Plants of
South Australia
Exocarpos sparteus
Santalaceae
Broom Ballart
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Regional Species Conservation Assessments per IBRA subregion.
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Near threatened
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Vulnerable
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Adelaide
Arkaroola
Ceduna
Coober Pedy
Hawker
Innamincka
Marla
Marree
Mount Gambier
Oodnadatta
Renmark
Wudinna
Keith
Yunta
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Botanical art

Kath Alcock paintings: 10.

Etymology

Exocarpos from the Greek 'exo' meaning outside and 'caryon' meaning nut, referring to the succulent pedicel resembles a pericarp below the nut. Sparteus means resembling the genus Spartium or weaver's broom.

Distribution and status

Found in the north-west and southern parts of South Australia, growing in mallee communities on sandy soils. Also found in all mainland States. Native. Common in South Australia. Common in the other States.
Herbarium regions: North Western, Lake Eyre, Eyre Peninsula, Northern Lofty, Murray, Yorke Peninsula, Southern Lofty, South Eastern
NRM regions: Adelaide and Mount Lofty Ranges, Alinytjara Wilurara, Eyre Peninsula, Northern and Yorke, South Australian Arid Lands, South Australian Murray-Darling Basin, South East
AVH map: SA distribution map (external link)

Plant description

Shrub or small tree to 6 m high with pendulous branches. Leaves reduced to linear-lanceolate long scales to 7 mm long. Flowers sessile in pedunculate spikes 4-18 mm long, yellow-green. Flowers mainly during spring and autumn. Fruits are fruit consists of two parts; fleshy bright red pedical (top part) and orange to red-brown ovoid to globular nut (bottom part). Seeds are woody brown globular seed to 5 mm long and 4 mm wide, with a fleshy red aril at one end. Seed embryo type is linear underdeveloped.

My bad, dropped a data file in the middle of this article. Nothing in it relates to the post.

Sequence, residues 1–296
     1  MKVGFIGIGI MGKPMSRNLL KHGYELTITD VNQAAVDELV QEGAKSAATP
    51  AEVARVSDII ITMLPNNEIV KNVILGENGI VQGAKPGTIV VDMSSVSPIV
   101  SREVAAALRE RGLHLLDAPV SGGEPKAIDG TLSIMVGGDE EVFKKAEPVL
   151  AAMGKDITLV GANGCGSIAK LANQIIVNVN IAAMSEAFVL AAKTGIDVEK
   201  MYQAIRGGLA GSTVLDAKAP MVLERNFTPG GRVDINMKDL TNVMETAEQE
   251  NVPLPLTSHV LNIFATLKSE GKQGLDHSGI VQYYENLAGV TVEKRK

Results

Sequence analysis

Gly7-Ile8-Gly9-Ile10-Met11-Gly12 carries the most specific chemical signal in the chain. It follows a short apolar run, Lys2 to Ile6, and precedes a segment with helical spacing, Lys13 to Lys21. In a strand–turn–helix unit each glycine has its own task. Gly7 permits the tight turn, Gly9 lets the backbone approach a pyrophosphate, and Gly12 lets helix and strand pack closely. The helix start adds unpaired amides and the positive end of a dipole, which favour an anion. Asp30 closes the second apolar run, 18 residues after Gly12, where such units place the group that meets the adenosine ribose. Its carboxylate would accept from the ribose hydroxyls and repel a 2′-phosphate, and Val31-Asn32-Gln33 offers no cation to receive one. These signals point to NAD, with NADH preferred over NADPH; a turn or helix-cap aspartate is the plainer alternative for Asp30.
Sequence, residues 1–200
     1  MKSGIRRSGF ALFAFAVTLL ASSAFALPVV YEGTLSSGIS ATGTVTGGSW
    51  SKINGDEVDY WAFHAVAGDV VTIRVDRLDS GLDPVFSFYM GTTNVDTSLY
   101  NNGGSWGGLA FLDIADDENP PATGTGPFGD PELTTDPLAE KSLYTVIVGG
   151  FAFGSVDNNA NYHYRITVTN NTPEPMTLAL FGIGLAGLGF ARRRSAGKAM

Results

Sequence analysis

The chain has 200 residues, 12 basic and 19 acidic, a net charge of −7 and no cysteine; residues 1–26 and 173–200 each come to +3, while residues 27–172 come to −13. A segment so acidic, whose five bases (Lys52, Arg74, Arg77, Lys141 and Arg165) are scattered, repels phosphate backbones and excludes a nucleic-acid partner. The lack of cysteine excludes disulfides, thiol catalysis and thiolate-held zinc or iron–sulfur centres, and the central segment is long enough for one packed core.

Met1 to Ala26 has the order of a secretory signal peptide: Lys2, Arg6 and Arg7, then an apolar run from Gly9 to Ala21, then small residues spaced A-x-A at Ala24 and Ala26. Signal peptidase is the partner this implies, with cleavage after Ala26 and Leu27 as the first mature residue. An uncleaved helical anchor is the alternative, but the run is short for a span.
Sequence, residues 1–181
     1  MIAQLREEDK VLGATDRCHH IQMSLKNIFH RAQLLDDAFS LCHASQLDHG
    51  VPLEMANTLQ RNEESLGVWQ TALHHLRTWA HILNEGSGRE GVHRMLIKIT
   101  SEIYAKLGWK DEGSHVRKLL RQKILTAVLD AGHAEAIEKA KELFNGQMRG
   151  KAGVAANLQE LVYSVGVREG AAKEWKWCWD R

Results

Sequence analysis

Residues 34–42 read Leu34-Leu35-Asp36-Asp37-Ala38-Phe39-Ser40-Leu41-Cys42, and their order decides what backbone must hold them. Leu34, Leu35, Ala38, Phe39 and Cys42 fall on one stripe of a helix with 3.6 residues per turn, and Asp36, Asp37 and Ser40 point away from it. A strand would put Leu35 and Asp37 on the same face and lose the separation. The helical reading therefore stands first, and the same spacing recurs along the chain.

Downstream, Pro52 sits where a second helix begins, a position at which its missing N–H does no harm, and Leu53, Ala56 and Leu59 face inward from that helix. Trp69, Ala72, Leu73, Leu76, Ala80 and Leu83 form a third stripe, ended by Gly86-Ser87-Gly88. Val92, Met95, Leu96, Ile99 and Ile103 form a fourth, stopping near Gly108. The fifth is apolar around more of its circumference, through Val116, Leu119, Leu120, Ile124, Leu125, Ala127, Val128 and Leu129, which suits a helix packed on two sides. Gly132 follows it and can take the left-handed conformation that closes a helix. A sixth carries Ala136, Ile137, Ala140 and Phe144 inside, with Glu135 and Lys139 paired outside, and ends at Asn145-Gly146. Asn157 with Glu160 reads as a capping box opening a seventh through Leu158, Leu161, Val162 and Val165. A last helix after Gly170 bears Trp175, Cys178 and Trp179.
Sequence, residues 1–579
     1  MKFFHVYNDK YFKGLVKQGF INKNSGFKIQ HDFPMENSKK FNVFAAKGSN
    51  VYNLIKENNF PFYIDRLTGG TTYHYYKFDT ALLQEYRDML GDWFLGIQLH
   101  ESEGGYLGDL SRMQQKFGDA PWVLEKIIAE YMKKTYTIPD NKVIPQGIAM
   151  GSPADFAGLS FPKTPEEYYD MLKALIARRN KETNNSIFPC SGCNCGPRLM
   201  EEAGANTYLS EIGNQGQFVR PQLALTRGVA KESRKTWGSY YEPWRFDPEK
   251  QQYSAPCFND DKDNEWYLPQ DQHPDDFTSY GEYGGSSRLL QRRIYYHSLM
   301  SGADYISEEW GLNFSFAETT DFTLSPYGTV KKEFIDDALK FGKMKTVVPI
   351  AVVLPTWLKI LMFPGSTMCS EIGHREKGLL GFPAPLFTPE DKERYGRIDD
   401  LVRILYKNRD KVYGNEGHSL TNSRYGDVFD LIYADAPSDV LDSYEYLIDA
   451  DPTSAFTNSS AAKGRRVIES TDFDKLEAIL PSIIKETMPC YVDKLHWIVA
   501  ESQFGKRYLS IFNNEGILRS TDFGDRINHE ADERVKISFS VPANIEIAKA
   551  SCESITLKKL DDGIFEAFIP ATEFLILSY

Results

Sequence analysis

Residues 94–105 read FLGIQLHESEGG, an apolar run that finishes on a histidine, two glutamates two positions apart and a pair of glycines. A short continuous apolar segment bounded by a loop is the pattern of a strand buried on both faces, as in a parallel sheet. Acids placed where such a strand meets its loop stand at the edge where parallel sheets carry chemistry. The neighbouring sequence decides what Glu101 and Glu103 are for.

Seed collection and propagation

Collect seeds between January and May. Collect maturing fruits, the top aril is large, succulent, pink or red and bottom bit is hard and orange to brown. Leave fruits to dry and harden before storing. Fleshy aril can be removed but it can be stored with the seed. Store the seeds with a desiccant such as dried silica beads or dry rice, in an air tight container in a cool and dry place. Predation of seeds can be high, however, seed viability is also high. From one collection, the seed viability was high, at 90%. This species is generally difficult to germinate, it has morphophysiological dormancy and complex germination requirements.

Seeds stored:
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LocationNo. of seeds
(weight grams)
Number
of plants
Date
collected
Collection number
Collection location
Date
stored
% ViabilityStorage
temperature
BGA 
MSB
3,300 (178.5 g)
3,300 (178.5 g)
100+18-Jan-2005DJD90
South Eastern
28-Mar-200690%-18°C
Location: BGA — the seeds are stored at the Adelaide Botanic Gardens, MSB — the seeds are stored at the Millennium Seed Bank, Kew, England.
Number of plants: This is the number of plants from which the seeds were collected.
Collection location: The Herbarium of South Australia's region name.
% Viability: Percentage of filled healthy seeds determined by a cut test or x-ray.
Germination table:
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